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Why The Sales Team Hates Your Leads (And How To Fix It)

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Why The Sales Team Hates Your Leads (And How To Fix It)

Why The Sales Team Hates Your Leads And How To

You ask the head of marketing how the team is doing and get a giant thumbs up. 👍

“Our MQLs are up!”

“Website conversion rates are at an all-time high!”

“Email click rates have never been this good!”

But when you ask the head of sales the same question, you get the response that echoes across sales desks worldwide — the leads from marketing suck. 

If you’re in this boat, you’re not alone. The issue of “leads from marketing suck” is a common situation in most organizations. In a HubSpot survey, only 9.1% of salespeople said leads they received from marketing were of very high quality.

Why do sales teams hate marketing-generated leads? And how can marketers help their sales peers fall in love with their leads? 

Let’s dive into the answers to these questions. Then, I’ll give you my secret lead gen kung-fu to ensure your sales team loves their marketing leads. 

Marketers Must Take Ownership

“I’ve hit the lead goal. If sales can’t close them, it’s their problem.”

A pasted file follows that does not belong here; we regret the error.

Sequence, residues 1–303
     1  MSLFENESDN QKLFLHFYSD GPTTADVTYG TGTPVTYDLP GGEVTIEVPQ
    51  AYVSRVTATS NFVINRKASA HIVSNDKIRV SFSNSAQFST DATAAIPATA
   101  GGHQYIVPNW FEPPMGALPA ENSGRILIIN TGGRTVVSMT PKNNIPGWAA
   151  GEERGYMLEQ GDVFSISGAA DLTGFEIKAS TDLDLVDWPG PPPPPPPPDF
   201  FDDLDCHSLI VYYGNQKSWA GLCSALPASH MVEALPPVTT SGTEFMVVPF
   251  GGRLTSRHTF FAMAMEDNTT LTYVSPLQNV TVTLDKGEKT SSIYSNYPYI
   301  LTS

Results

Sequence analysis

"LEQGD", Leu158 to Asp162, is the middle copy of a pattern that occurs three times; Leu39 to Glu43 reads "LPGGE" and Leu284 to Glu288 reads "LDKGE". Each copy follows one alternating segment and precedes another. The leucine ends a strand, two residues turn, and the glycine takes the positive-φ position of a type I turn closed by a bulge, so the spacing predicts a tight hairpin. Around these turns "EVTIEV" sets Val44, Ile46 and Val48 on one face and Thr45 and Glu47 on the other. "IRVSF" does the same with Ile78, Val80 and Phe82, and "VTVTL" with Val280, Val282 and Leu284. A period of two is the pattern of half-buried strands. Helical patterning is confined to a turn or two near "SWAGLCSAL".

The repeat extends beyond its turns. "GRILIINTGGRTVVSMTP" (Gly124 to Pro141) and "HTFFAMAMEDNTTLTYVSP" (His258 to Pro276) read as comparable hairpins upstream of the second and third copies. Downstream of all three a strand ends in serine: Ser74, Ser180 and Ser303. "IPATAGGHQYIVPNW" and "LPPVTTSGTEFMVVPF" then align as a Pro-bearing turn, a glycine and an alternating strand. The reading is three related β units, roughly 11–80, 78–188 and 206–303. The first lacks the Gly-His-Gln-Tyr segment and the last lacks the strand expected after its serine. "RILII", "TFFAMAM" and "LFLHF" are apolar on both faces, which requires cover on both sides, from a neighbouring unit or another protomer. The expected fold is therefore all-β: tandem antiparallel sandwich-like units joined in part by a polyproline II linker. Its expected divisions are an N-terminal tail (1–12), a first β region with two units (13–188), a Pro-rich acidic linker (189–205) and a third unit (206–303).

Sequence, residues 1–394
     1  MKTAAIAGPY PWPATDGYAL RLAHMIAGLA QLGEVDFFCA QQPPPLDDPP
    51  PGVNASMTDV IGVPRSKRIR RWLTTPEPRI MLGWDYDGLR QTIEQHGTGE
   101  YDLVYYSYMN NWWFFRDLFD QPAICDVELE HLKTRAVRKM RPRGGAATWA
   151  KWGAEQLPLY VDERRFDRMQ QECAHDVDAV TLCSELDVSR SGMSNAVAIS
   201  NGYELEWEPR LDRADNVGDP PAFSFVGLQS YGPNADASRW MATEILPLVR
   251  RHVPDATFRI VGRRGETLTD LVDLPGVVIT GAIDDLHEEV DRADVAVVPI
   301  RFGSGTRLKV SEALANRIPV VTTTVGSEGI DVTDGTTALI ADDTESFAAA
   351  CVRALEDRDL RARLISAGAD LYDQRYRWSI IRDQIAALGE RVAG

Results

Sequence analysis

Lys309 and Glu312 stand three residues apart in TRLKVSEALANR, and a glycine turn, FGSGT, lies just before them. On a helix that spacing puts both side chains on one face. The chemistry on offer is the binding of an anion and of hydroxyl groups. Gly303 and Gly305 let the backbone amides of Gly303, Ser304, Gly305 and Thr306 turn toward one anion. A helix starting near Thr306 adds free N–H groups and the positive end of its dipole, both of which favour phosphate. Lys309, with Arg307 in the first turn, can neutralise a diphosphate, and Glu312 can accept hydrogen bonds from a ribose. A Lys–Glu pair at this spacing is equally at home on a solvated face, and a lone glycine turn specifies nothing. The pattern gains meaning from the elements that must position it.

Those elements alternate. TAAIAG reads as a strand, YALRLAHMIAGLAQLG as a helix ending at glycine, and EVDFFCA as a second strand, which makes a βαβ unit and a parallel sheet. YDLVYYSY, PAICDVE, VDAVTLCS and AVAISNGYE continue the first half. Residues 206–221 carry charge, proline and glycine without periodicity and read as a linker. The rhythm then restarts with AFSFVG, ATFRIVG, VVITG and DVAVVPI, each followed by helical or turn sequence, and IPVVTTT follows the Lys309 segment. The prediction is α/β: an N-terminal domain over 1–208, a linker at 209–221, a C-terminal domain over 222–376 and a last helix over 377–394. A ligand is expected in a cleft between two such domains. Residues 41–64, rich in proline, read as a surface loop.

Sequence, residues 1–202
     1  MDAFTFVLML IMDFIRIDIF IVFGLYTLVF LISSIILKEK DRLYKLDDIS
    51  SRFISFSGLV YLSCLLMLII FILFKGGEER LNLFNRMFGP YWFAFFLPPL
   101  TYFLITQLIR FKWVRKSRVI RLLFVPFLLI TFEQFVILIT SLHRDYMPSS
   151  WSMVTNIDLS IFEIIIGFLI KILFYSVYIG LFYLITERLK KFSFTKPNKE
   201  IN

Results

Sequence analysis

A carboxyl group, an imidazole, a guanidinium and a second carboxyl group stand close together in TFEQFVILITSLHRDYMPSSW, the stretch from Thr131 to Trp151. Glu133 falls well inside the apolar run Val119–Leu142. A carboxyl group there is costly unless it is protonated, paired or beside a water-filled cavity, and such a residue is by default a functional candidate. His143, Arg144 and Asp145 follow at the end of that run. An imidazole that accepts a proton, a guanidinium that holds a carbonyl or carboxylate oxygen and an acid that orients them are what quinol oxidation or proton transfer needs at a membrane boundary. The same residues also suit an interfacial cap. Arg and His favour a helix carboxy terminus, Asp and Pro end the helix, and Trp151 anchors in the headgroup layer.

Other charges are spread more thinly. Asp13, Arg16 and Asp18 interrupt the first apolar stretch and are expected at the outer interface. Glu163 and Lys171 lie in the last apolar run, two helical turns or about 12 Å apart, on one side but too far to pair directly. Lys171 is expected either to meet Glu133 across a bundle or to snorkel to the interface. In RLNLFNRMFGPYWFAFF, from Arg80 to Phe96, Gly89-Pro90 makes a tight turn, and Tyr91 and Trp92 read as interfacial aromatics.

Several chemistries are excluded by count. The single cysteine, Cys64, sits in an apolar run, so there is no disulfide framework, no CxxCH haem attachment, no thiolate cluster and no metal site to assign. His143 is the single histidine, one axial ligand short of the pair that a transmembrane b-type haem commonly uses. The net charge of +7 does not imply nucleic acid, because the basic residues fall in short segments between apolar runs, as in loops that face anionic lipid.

How many times have you heard one of your marketers say something like this? When your teams are heavily siloed, it’s not hard to see how they get to this mindset — after all, if your marketing metrics look strong, they’ve done their part, right?

Not necessarily. 

The job of a marketer is not to drive traffic or even leads. The job of the marketer is to create messaging and offers that lead to revenue. Marketing is not a 100-meter sprint — it’s a relay race. The marketing team runs the first leg and hands the baton to sales to sprint to the finish.

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via GIPHY

To make leads valuable beyond the vanity metric of watching your MQLs tick up, you need to segment and nurture them. Screen the leads to see if they meet the parameters of your ideal customer profile. If yes, nurture them to find out how close their intent is to a sale. Only then should you pass the leads to sales. 

Lead Quality Control is a Bitter Pill that Works

Tighter quality control might reduce your overall MQLs. Still, it will ensure only the relevant leads go to sales, which is a win for your team and your organization.

This shift will require a mindset shift for your marketing team: instead of living and dying by the sheer number of MQLs, you need to create a collaborative culture between sales and marketing. Reinforce that “strong” marketing metrics that result in poor leads going to sales aren’t really strong at all.  

When you foster this culture of collaboration and accountability, it will be easier for the marketing team to receive feedback from sales about lead quality without getting defensive. 

Remember, the sales team is only holding marketing accountable so the entire organization can achieve the right results. It’s not sales vs marketing — it’s sales and marketing working together to get a great result. Nothing more, nothing less.